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Title: 3D Geometry Visualization Capability for MCNP

Abstract

The purpose of this white paper is to demonstrate the need for a 3D visualizer and graphical user interface for the Monte Carlo n-particle (MCNP®) code.

Authors:
 [1];  [1];  [1]
  1. Los Alamos National Lab. (LANL), Los Alamos, NM (United States)
Publication Date:
Research Org.:
Los Alamos National Lab. (LANL), Los Alamos, NM (United States)
Sponsoring Org.:
USDOE
OSTI Identifier:
1363738
Report Number(s):
LA-UR-17-24688
DOE Contract Number:
AC52-06NA25396
Resource Type:
Technical Report
Country of Publication:
United States
Language:
English
Subject:
97 MATHEMATICS AND COMPUTING; Visualization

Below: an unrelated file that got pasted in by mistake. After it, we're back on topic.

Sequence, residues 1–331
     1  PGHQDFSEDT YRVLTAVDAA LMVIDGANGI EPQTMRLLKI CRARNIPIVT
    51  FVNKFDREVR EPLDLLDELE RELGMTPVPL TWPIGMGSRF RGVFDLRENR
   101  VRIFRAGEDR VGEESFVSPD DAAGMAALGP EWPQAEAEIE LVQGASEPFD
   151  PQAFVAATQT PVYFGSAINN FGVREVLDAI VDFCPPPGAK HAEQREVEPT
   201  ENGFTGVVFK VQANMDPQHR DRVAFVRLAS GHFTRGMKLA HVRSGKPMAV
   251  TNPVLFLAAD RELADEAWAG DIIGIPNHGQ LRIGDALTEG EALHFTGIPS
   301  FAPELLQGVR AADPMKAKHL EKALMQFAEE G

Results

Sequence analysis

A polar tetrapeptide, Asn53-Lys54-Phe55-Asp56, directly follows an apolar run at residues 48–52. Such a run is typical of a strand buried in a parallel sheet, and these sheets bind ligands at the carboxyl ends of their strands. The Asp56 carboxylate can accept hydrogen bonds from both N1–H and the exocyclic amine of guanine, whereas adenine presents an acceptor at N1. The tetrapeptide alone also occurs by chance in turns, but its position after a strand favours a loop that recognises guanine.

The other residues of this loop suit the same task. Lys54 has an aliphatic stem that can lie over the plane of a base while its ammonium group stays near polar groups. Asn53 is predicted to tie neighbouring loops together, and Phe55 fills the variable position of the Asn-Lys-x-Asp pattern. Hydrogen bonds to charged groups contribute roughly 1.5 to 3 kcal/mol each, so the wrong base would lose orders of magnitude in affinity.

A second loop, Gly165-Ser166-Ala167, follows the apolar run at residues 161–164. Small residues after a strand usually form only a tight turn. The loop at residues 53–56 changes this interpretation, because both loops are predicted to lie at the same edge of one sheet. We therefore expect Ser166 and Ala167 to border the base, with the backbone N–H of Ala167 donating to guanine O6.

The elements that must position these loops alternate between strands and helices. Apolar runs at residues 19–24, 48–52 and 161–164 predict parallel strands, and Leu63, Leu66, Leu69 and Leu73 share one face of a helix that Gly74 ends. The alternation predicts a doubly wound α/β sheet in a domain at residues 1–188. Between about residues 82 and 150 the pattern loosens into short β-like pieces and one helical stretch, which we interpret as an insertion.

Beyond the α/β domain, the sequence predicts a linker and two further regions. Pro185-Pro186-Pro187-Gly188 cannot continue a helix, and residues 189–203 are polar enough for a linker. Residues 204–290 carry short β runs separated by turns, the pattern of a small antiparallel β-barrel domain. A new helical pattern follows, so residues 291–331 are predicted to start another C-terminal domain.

Citation Formats

Spencer, Joshua Bradly, Kulesza, Joel A., and Sood, Avneet. 3D Geometry Visualization Capability for MCNP. United States: N. p., 2017. Web. doi:10.2172/1363738.
Spencer, Joshua Bradly, Kulesza, Joel A., & Sood, Avneet. 3D Geometry Visualization Capability for MCNP. United States. doi:10.2172/1363738.
Spencer, Joshua Bradly, Kulesza, Joel A., and Sood, Avneet. Mon . "3D Geometry Visualization Capability for MCNP". United States. doi:10.2172/1363738. https://www.osti.gov/servlets/purl/1363738.
@article{osti_1363738,
title = {3D Geometry Visualization Capability for MCNP},
author = {Spencer, Joshua Bradly and Kulesza, Joel A. and Sood, Avneet},
abstractNote = {The purpose of this white paper is to demonstrate the need for a 3D visualizer and graphical user interface for the Monte Carlo n-particle (MCNP®) code.},
doi = {10.2172/1363738},
journal = {},
number = ,
volume = ,
place = {United States},
year = {Mon Jun 12 00:00:00 EDT 2017},
month = {Mon Jun 12 00:00:00 EDT 2017}
}

Technical Report: